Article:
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Cole v. Adams

Filed: April 6, 1982.

VILA J. COLE
v.
BEN ADAMS AND WINFRED MORRIS ADAMS



Appeal by defendant Ben Adams from Martin (James N.), Judge. Judgment entered 18 February 1981 in District Court, Onslow County. Heard in the Court of Appeals 3 February 1982.

Clark, Judge. Judges Arnold and Whichard concur.

Clark

We initially note that defendant has failed to set forth any assignment of error and exceptions at the conclusion of the record on appeal or in his behalf. Failure to follow the Rules of Appellate Procedure subjects defendant's appeal to dismissal. Marsico v. Adams, 47 N.C. App. 196, 266 S.E.2d 696 (1980). This Court, however, has decided to exercise its discretionary power and consider the one "issue" argued in defendant's brief on its merit. Plaintiff has not filed a brief.

Defendant argues that the trial court erroneously denied his motion for directed verdict because the plaintiff based her case upon the "Doctrine of Necessities" and failed to meet her burden of proof. Since the case was tried by the court without a jury, defendant's motion will be treated as a motion for involuntary dismissal pursuant to Rule 41(b) of the North Carolina Rules of Civil Procedure. The trial court denied defendant's motions to dismiss made at the close of plaintiff's evidence and at the close of all the evidence. This Court has stated that a defendant's motion to dismiss made at the close of all the evidence raises the question of "whether any findings of fact could be made from the evidence which would support a recovery for plaintiffs. (Citation omitted.)" Neasham v. Day, 34 N.C. App. 53, 55, 237 S.E.2d 287, 288-89 (1977).

The "Doctrine of Necessities" as discussed in 2 Lee, North Carolina Family Law § 130 (4th ed. 1980) is used to hold a husband liable to merchants or other outside parties who have furnished necessities to the wife. Necessities, or necessaries, "are those things which are essential to her [a wife's] health and comfort, according to the rank and fortune of her husband." Id. § 132 at 128.

When the husband and wife are living together, a presumption arises that she has been given the authority by the husband to purchase suitable household goods on his credit. . . .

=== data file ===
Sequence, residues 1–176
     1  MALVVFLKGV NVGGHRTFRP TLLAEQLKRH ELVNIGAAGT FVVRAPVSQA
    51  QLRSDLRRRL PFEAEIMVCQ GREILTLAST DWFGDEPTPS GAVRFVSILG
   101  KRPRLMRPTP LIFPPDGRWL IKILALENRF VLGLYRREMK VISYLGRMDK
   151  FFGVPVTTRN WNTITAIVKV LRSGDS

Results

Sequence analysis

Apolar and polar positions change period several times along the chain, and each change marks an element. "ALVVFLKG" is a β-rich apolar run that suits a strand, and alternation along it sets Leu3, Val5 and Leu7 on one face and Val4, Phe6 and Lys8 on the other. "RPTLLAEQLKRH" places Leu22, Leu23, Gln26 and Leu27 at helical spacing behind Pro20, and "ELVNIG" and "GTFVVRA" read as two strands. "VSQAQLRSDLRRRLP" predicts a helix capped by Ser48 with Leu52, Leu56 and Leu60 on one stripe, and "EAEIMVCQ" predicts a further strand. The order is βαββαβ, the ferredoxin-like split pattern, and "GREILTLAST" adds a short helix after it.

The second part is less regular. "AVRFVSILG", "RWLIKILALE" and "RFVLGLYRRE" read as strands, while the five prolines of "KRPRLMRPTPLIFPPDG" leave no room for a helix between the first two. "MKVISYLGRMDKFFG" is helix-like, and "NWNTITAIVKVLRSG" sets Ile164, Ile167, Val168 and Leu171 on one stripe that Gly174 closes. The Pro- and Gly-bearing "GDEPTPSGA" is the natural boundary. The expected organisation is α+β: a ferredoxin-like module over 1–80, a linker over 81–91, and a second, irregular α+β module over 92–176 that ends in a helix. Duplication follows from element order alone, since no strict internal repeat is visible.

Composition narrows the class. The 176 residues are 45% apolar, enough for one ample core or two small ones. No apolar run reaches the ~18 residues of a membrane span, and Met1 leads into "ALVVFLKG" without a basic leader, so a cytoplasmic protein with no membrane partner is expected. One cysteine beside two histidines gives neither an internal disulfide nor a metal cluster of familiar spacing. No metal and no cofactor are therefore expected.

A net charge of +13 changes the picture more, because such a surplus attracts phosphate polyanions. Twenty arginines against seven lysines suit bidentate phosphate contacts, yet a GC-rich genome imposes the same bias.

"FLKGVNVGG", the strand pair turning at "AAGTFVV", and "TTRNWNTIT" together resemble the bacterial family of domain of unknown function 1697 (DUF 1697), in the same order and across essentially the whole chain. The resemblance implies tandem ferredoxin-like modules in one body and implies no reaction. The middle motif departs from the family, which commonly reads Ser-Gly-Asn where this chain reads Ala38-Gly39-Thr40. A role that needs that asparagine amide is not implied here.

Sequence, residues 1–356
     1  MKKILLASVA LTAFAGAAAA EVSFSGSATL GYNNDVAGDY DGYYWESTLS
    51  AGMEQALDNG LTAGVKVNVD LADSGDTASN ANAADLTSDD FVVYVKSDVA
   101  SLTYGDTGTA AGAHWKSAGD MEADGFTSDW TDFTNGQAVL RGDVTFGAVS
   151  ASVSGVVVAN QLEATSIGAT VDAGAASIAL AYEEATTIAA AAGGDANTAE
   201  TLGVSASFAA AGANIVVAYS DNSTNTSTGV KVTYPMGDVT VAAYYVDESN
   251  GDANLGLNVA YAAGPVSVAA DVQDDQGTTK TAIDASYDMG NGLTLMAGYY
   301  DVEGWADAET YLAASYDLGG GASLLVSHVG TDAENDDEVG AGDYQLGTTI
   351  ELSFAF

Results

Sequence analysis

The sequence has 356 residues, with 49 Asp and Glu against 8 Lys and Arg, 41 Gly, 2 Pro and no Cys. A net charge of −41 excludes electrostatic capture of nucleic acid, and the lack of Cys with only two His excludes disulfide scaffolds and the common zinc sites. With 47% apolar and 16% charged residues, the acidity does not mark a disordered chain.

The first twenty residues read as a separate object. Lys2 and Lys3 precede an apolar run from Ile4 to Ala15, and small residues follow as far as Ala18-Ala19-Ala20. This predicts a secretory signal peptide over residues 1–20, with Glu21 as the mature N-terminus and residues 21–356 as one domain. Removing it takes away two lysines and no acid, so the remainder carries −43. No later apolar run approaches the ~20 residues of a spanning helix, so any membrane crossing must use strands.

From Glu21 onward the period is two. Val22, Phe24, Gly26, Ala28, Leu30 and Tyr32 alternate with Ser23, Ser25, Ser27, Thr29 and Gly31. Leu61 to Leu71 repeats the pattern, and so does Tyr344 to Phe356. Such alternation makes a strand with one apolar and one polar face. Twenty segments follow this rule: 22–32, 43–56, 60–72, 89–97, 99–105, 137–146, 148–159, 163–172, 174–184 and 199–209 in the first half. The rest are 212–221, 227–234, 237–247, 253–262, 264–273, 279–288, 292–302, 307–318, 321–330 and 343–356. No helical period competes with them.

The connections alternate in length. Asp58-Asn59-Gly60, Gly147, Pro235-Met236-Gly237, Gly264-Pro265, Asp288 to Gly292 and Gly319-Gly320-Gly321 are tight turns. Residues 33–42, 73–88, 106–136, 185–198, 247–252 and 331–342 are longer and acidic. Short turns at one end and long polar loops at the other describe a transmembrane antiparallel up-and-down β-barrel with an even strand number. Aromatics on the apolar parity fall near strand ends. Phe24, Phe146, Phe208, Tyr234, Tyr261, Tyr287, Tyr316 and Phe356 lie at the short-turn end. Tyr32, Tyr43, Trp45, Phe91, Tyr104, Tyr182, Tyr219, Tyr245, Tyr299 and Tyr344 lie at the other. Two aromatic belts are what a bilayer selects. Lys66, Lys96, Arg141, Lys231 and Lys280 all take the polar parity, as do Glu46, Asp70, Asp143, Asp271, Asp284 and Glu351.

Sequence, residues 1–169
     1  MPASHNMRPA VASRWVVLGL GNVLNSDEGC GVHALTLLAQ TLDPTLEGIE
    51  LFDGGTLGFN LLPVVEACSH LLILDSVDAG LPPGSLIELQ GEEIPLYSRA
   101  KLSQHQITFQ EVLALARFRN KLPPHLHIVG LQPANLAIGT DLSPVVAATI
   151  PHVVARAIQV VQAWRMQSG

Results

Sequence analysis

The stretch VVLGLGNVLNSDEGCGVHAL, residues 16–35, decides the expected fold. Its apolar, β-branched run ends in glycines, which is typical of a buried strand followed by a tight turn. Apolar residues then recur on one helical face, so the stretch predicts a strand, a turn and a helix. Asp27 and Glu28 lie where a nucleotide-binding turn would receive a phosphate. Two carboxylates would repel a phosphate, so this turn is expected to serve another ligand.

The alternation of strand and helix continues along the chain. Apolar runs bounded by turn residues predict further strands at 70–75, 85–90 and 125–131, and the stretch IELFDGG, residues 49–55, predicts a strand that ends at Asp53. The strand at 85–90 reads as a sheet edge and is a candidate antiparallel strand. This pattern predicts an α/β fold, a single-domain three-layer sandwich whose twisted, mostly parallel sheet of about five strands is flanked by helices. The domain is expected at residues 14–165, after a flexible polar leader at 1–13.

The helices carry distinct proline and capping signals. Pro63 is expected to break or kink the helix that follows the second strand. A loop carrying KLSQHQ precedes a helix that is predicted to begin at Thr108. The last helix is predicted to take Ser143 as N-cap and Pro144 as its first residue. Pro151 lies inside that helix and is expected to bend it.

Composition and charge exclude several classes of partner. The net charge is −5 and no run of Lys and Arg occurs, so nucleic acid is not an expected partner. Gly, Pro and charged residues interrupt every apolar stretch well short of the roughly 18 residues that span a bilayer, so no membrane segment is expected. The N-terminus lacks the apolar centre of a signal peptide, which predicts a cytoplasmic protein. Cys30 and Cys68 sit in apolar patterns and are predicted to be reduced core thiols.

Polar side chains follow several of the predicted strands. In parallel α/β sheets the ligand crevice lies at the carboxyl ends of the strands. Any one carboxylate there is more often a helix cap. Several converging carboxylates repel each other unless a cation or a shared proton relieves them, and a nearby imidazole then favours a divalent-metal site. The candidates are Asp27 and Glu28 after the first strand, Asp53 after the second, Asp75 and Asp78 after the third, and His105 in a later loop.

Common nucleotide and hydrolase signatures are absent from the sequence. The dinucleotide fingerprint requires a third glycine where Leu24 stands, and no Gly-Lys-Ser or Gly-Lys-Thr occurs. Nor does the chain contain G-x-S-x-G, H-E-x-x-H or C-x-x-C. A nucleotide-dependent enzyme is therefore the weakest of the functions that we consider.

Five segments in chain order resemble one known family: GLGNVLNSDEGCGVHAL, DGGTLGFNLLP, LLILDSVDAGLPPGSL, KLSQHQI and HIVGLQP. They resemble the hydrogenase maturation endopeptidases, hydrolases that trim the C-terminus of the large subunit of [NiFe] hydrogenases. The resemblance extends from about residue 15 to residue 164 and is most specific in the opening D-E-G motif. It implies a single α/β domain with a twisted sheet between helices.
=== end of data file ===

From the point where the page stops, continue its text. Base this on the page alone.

Where the husband and wife are living apart, there is no presumption in fact that she has any authority to pledge his credit even for necessaries. The presumption is that she has in fact no authority. Tradesmen must rebut the presumption by showing authority in fact or else bring the case within the rule that the husband has, without justifiable cause, neglected to provide necessaries for her.

Id. § 133 at 130-31. Tradesmen must further prove that the merchandise purchased by the wife is a necessity for her; and that the merchandise has not otherwise been supplied to her. Id. at 130. The general rule is that "in order to hold the husband liable, a person furnishing necessaries to a wife living separate and apart from her husband has the burden of showing that either by agreement or by the husband's fault or misconduct the wife was justified in living apart from the husband and that the husband had failed or neglected to supply her with necessaries or to make adequate provision for her support. . . . A person furnishing necessaries to a wife living separate and apart from the husband extends credit at his peril; he is bound to take notice of the separation and to ascertain by inquiry whether the circumstances are such as to render the husband liable for the articles furnished." 41 C.J.S. Husband and Wife § 52.a. at 516-17 (1944); Annot. 60 A.L.R. 2d 7 (1958).

This common law doctrine was applied in Pool v. Everton, 50 N.C. (5 Jones) 241 (1858). There the Court reversed a lower court's judgment awarding $15 to a physician who had rendered services to defendant's wife. The Court noted that no evidence had been presented which showed that the wife had cause for her separation from defendant. In Sibley v. Gilmer, 124 N.C. 631, 32 S.E. 964 (1899), the Court interpreted the holding in Pool as follows:

[I]n cases where the husband and wife had separated, no notice of separation need be given to prevent his liability for debts contracted by the wife during the separation -- even for necessaries -- the law being that if the separation was without good cause on the part of the wife, her debt contracted even

for necessaries was not only not binding on the husband, but such creditors made themselves liable to the husband in an action for ...


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